The study of the growth, shape, and geometric characteristics of crystals is called crystallography. When the conditions are right, each chemical element and compound can crystallize in a definite and characteristic form.
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Thirty-two classes of crystals are theoretically possible, almost all common minerals fall into one of about twelve classes, and some classes have never been seen. The thirty-two classes are grouped into six crystal systems, based on the length and position of the crystal axes. Crystal axes are imaginary lines passing through the center of the crystals. Minerals in each system share certain proportions and crystal form and many important optical properties.
The six crystal systems are very important to a mineralogists and geologists; specification of the system is necessary in the description of each crystal system.
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This system comprises crystals with three axes, all perpendicular to one another and all have equal length.
This system comprises crystals with three axes, all perpendicular to one another; but only two are equal in length.
This system comprises crystals with three mutually perpendicular axes, all of different lengths.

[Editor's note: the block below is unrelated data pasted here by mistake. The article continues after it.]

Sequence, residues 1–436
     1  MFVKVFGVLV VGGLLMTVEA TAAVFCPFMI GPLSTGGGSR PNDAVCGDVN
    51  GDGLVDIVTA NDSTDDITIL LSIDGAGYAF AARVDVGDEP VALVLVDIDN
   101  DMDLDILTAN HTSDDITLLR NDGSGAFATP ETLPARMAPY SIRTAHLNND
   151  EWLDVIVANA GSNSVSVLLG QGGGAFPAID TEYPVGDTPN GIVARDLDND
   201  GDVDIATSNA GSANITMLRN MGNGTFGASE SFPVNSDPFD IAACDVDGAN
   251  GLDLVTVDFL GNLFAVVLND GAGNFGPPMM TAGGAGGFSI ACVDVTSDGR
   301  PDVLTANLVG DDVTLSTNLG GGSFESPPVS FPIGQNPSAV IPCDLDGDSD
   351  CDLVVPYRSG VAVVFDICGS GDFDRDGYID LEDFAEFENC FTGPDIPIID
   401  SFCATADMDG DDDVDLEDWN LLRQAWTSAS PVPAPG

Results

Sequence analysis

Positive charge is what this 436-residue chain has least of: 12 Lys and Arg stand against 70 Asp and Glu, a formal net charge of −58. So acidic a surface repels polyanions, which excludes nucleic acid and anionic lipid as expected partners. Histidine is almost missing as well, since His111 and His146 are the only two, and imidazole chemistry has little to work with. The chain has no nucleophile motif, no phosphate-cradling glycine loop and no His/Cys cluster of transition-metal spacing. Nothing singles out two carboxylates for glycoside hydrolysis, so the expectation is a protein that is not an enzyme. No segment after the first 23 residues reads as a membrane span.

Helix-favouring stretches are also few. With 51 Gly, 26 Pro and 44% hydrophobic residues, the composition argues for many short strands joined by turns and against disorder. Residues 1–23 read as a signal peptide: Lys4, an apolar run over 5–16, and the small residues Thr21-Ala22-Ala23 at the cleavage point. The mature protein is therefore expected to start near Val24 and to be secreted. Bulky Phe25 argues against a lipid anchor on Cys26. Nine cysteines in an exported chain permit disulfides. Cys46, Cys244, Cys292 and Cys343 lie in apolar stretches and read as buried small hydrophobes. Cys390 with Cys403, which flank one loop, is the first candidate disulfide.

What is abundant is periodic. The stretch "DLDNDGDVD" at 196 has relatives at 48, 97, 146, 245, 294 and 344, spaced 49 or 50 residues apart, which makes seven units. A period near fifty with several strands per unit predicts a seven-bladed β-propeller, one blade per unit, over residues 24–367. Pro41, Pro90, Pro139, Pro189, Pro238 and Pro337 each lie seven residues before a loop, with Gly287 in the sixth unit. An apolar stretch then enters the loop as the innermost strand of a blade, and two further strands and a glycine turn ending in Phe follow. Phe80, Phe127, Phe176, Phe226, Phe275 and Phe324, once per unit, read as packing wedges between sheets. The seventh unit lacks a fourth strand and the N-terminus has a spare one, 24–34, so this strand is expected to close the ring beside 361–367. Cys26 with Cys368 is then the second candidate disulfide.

This system comprises crystals with three axes, all unequal in length, two o which are not perpendicular to another, but both of which are perpendicular to the third.
This system comprises crystals with three axes, all unequal in length and is not perpendicular to one another.
This system comprises crystals with four axes. Three of these axes are in a single plane, proportionally spaced, and of equal length. The fourth axis is perpendicular to the other three. Some crystallographers split the hexagonal in two, calling the seventh system trigonal or rhombohedral.
Formation of Crystals
Crystals are formed when a liquid becomes solid or when a vapor or liquid solution becomes supersaturated. Some substances tends to form seed crystal. If a solution like this is cooled slowly, a few seeds grow into large ones; but if it is cooled rapidly, numerous seeds form and grow only into tiny crystals. Table salt, purified at a factory by recrystallization, is composed of lots of cubed crystals, which are barely visible with the naked eye; rock salt, formed in a really long time, contains enormous crystals of the same cubed form.